June, 2nd Week: Cylindra Beetroot, Working From Home, Weekly Jobs To Do (From The Westmorland Gazette)
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June, 2nd Week: Cylindra Beetroot, Working From Home, Weekly Jobs To Do
GROW YOUR OWN FOOD WITH DIRTY NAILS JUNE, 2ND WEEK CYLINDRA BEETROOT This week Dirty Nails has been making a final sowing of beetroot. At this time of year, he plumps for cultivating the Cylindra variety. It is a long-rooted beet, rich, deep purple in colour with a strong and distinctly earthy flavour. Beetroot sown now should, all being well, be ready for pulling in the autumn.
Dirty Nails rakes the seedbed to a fine tilth and marks out his rows with string tied between two canes. He allows a foot (30 cm) between rows, which gives the beets a chance to grow and swell unhindered. They could assume the proportions of a toilet-roll inner tube if the combination of sunshine and moisture is just right. A drill is made ½ an inch (1½ cm) deep with his finger, and into this Dirty Nails places the knobbly, irregular-shaped seeds at 1 inch (3 cm) intervals. When the seedlings are well up, and it won’t be long, he will thin them to allow 5 inches (13 cm) between plants. These are generally a trouble-free veg to grow, requiring only to be kept moist and weed-free throughout high summer.
Long before the roots are ready, Dirty Nails will be selecting handsome, young, glossy beet leaves for a flavoursome addition to salads, or for light steaming as a hot accompliment with potatoes. The roots are ideal for slicing.
Cylindra stores well for winter use when harvested before the first frost, laid sideways into boxes of dry sand or potting compost and kept cool and dark. Another way to enjoy beetroot out of season is to make it into delicious chutney.
EXTRACTS FROM DIRTY NAILS’ JOURNAL WORKING FROM HOME “This is the summer weather that we have all been waiting for. Hot and high with a gently cooling breeze. Down White Hart Lane, almost opposite, jack-hammers are pounding a new smooth surface to slick over the bumpy hollowed dirt track that, until today, it was. I can hear a lump hammer being worked in a garden a few hedges and fences away. Insects hum and buzz. Jenny Wren stimulates an echoing chorus from somewhere in the undergrowth and crows waft lazy cartwheels in the sea of blue above. Not yet eleven o’clock, I’m taking a breather. Having some time off is proving to be a healing holiday. With a wood pigeon directly overhead in the lime letting rip a gravely, throaty delivery, swifts flashing across the roofs and side-winding above tree tops, starlings sitting atop a chimney chattering and clicking contentedly, this is a million miles from going to work.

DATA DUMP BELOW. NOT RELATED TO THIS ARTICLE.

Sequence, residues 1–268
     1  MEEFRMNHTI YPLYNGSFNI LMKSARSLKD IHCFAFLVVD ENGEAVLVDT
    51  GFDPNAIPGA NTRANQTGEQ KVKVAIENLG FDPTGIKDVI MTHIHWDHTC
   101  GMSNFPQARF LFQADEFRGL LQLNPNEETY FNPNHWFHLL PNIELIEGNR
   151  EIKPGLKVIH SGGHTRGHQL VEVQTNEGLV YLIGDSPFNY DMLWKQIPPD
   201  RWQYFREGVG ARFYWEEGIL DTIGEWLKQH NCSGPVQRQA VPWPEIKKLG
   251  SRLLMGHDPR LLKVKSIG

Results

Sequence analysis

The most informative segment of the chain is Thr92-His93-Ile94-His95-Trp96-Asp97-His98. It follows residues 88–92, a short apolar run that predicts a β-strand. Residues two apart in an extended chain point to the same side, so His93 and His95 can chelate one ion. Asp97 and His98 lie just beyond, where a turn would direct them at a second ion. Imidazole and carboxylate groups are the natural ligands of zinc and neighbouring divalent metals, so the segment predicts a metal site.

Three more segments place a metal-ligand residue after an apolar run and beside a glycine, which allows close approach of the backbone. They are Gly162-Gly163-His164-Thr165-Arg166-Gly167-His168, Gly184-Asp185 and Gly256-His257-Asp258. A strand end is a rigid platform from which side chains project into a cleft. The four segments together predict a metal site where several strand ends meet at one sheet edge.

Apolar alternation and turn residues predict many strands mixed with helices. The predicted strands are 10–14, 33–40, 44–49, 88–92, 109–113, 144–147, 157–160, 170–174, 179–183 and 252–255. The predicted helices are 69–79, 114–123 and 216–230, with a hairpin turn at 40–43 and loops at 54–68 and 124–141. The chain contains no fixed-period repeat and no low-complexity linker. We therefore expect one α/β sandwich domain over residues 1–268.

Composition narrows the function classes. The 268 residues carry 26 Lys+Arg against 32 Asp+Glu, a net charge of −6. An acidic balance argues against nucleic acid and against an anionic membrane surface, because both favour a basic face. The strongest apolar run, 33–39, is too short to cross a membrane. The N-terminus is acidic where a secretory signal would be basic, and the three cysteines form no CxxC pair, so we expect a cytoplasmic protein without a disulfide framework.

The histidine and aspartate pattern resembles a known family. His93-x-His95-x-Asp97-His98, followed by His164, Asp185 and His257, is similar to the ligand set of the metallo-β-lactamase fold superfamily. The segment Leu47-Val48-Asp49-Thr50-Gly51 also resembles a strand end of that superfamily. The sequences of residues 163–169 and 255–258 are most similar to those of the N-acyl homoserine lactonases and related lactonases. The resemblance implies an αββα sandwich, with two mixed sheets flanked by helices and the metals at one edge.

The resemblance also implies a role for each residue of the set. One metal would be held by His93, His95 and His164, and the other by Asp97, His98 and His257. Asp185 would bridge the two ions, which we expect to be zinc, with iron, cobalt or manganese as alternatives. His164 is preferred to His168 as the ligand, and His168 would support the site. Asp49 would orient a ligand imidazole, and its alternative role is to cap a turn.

“In the greenhouse Tumbler tomatoes flop and loll out of their growing bags, festooned with delicate yellow star-like flowers curling at the ends to greet the sunshine, leaves scooping up like flat-fingered green hands reaching out for a feel as I brush past on my tending, watering, close-inspection rounds. Gardeners Delight are today tied in to canes. Clusters of embryonic buds promising a future worth waiting, and living, for.
“Time ticks relentlessly. Church clock bangs out top-of-the-hour chimes. I must get up from my idling on the greenhouse doorstep, cosied away at the back of the garden with my toms. Pussycat has just announced her sweet presence by tenderly climbing all over me for a rub and tickle, and is considering which shelf will afford the cosiest environs to curl up on. There is much to do apart from gardening: assignments, prep for meetings, articles to think about and other paperwork to knuckle down to. Being off the treadmill and not tied down for a few days gives me the freedom to duck into the shed, do a bit, come out and potter awhile or have a cup of tea and think, then get back to pen and paper. Far from being a chore, everything is a joy done this way. The only problem is that there are not enough hours in the day.” JOBS TO DO In the greenhouse Check over and water crops daily.
Tie tomatoes into supporting canes (not Tumblers).
Liquid feed tomatoes.
On the plot Thin Florence fennel, lettuces and carrots.
Hand weed asparagus bed.
Check brassica plantings for signs of cabbage root fly. These will be pale and limp showing maggot-eaten roots crawling with white grubs. Remove entire cabbage to the fire site.
Earth-up spuds where needed.
Keep paths and edges clean and tidy.
Hand weed here and there.
Tend runner beans by checking supports, providing water direct to the roots and removing all competing weeds.
Keep the hoe busy.
Potter, dream and admire!
Weed thoroughly around globe artichokes and rhubarb.
Sow Cylindra beetroot.
Water brassicas, broad beans, squashes.
Plant out Butternut and other squashes.
A Vegetable Gardener's Year by Dirty Nails (ISBN 9781905862221) is available from www.dirtynails.co.uk and good bookshops rrp £12.99
In this section
- July 2nd Week; Harvesting Garlic, Developing Froglets, Working With Nature, Marbled Whites On Walnut Tree Farm
- July 1st Week: Harvesting Shallots, Potato Blight, Trinity, Jobs To Do This Week
- June, 4th Week: Red Cabbage, Watching A Drowning Bee Recover
- June, 3rd Week: Downy Mildew, A Much Needed Present, Mid-Summer In St James
- June, 1st Week: Sunshine, Showers, Weeds & Tomatoes, Song Thrush
- May 4th Week: Cucumbers, Beans, Feast & Fast, Apples, 'Of the Woods'
- May 3rd Week: Succession Sowing, Bird Watching, Enjoying Pine Walk, Jobs To Do This Week
- May 2nd Week: Planting Out Kale, Looking After Water Boatmen, Christies Lane In May
- May 1st Week: Earthing Up Spuds, Greenhouse Slug Patrol, Tess' Story, Jobs To Do This Week
- April Week 4: